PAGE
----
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Thread: Transferring cr2 files

  1. #1

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    Transferring cr2 files

    Is there a way to transfer cr2 files from one computer to another without losing the changes that have been made in ACR? I moved them to a jump drive from cs5 on my old computer and then to the same program (same serial number) on the new computer. All the changes I had made were lost so it was back to the drawing board as I needed the jpegs tonight. Argh!!

    Thanks for any advice offered,

    Myra

  2. #2

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    Re: Transferring cr2 files

    If I'm not wrong - when you modify something on a raw file and you open the image after in PSE - the modifications will be saved in a separate file (don't know the extension because I'm not at home atm). The file name will be the original file name, but the extension will be different.

    If you want to keep whatever changes you made, you will need to copy these files too along with the others.

    Edit: I think the extension for the file is ".xmp" (look for YourImageName.xmp files in the old location)

  3. #3

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    Re: Transferring cr2 files

    Quote Originally Posted by Maritimer1 View Post
    Is there a way to transfer cr2 files from one computer to another without losing the changes that have been made in ACR? I moved them to a jump drive from cs5 on my old computer and then to the same program (same serial number) on the new computer. All the changes I had made were lost so it was back to the drawing board as I needed the jpegs tonight. Argh!!Thanks for any advice offered,Myra
    Hi Myra,

    If they really are *.CR2 and not *.DNG, then the change information will be saved in 1 of 2 places - either in a *.XMP sidecar file, or in a seperate ACR database. If it's the former then you'll need to move the associated sidecar files - if it's the latter you'll need to move a COPY of the database to the new PC and point ACR to it (Control + K in ACR to get location).

    And when you've finished tearing your hair out, start converting your CR2 files to DNG in future so that the edits are stored in the one place! (***wags finger***)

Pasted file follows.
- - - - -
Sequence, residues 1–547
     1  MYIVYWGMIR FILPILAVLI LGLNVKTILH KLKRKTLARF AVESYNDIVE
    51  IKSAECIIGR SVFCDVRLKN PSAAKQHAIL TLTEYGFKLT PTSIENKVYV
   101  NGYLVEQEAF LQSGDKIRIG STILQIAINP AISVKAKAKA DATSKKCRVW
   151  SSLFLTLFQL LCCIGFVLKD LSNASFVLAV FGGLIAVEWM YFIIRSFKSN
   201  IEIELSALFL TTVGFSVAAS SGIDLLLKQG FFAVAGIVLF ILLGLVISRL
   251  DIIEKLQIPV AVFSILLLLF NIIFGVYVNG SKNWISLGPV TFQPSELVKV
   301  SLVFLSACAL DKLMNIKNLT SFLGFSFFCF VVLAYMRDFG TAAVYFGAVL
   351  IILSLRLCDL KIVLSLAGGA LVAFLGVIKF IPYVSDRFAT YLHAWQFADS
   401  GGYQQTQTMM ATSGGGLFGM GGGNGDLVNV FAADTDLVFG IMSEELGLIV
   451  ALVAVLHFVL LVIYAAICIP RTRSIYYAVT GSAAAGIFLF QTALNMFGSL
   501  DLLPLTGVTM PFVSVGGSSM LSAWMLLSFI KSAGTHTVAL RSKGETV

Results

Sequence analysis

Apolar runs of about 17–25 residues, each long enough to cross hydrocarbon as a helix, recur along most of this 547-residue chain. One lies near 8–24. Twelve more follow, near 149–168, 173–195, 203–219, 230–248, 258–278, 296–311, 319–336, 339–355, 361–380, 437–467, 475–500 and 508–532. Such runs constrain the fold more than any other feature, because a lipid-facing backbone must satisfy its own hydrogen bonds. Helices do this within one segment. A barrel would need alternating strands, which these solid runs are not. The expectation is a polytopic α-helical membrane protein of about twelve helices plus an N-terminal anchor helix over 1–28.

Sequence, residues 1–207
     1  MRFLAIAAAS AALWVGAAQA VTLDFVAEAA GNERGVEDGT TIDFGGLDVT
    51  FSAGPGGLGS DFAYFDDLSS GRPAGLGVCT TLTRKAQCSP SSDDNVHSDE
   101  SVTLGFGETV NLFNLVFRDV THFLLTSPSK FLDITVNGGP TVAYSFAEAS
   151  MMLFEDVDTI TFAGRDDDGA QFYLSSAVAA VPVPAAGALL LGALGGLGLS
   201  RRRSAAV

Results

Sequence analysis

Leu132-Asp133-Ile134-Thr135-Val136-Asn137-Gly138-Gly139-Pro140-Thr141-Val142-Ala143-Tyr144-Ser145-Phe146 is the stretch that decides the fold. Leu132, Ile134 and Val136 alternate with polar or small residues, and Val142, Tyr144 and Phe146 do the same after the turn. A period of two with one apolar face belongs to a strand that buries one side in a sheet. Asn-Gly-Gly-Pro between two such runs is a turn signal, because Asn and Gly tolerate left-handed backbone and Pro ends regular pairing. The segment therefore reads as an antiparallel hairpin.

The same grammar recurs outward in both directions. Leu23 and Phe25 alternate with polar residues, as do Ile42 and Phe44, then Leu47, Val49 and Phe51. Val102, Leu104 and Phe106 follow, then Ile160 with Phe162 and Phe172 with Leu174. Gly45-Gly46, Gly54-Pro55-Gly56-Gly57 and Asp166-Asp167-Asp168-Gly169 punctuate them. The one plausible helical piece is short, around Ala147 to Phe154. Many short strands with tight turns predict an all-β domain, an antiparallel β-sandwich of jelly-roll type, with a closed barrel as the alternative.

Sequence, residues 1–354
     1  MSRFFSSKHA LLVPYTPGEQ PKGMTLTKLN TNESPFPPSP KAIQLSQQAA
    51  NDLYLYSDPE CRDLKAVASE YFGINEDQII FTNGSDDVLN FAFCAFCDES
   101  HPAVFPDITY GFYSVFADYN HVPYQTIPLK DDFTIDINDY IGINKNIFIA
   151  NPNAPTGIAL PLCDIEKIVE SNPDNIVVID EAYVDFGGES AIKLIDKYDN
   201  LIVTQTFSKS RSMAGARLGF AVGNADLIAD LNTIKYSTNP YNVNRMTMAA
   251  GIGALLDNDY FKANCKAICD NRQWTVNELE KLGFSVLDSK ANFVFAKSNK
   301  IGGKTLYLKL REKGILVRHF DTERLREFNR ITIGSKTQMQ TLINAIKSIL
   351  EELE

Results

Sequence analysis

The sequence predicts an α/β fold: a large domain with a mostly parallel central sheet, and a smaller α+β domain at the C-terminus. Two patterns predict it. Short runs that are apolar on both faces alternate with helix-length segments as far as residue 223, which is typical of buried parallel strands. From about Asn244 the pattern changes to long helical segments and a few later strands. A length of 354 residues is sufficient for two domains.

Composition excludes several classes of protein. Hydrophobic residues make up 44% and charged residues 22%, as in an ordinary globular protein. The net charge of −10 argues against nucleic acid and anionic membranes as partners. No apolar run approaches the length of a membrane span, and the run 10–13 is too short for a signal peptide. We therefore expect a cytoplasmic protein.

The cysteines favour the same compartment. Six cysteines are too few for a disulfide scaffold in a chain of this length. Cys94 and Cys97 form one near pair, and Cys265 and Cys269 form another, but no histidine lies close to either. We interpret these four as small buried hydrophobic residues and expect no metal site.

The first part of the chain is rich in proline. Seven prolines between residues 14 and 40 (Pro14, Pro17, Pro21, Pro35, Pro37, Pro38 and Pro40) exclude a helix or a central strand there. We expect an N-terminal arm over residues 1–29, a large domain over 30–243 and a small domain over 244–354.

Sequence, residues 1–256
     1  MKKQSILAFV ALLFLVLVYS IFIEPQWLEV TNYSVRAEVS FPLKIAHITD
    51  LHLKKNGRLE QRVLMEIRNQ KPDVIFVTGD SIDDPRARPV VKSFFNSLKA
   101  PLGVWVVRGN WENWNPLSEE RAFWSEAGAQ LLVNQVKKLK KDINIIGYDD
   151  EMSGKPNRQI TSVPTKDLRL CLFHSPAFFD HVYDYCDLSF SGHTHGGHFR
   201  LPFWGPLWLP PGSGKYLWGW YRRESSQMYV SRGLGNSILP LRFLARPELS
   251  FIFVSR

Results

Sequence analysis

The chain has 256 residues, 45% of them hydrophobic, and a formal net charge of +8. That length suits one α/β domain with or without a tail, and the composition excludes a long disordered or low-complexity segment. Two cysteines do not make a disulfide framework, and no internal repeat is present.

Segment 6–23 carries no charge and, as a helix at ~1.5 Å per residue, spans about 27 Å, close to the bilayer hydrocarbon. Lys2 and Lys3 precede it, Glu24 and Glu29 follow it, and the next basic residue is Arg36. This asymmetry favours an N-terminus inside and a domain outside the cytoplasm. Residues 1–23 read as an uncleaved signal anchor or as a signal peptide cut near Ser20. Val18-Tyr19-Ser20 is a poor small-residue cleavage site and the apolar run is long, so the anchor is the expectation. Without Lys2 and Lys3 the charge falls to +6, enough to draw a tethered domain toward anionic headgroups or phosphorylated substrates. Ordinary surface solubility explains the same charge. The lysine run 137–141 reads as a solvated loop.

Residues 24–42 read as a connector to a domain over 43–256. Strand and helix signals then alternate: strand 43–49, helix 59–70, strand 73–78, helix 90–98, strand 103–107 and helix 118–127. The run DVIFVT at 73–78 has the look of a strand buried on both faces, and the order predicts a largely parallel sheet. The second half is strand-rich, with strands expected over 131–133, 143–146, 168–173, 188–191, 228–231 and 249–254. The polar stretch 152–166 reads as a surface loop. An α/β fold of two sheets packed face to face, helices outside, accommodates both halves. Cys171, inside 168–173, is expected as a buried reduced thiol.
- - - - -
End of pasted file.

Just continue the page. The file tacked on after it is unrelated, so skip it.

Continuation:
4. #4
    Glenn NK's Avatar
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    Re: Transferring cr2 files

    I use Light Room and am in the process of migrating to a new computer. The simplest is if you have both the old and new machines on a local network (LAN). I just drag and drop (or copy/paste) an entire folder with the images. LR is a relatively new program (compared to PS), and it keeps the xmp files with the CR2 files in the same folder.

    Perhaps some of the older software can't do this - Light Room was created by photographers for photographers.

    Not everyone has trouble with CR2 files.

    Glenn

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    Re: Transferring cr2 files

    Quote Originally Posted by Glenn NK View Post
    The simplest is if you have both the old and new machines on a local network (LAN). I just drag and drop (or copy/paste) an entire folder with the images. LR is a relatively new program (compared to PS), and it keeps the xmp files with the CR2 files in the same folder.
    LR uses ACR's engine, and thus handles files in (pretty much) the same way If ACR or LR store edits in sidecar files then they're always in the same folder and available to other programs -- if they store the edits in their own databases, then they're available only to the program that put them there.

    Perhaps some of the older software can't do this
    Um, it's essentially the same software

    Light Room was created by photographers for photographers.
    And Photoshop / ACR / Bridge was created by exactly the same people

    Not everyone has trouble with CR2 files.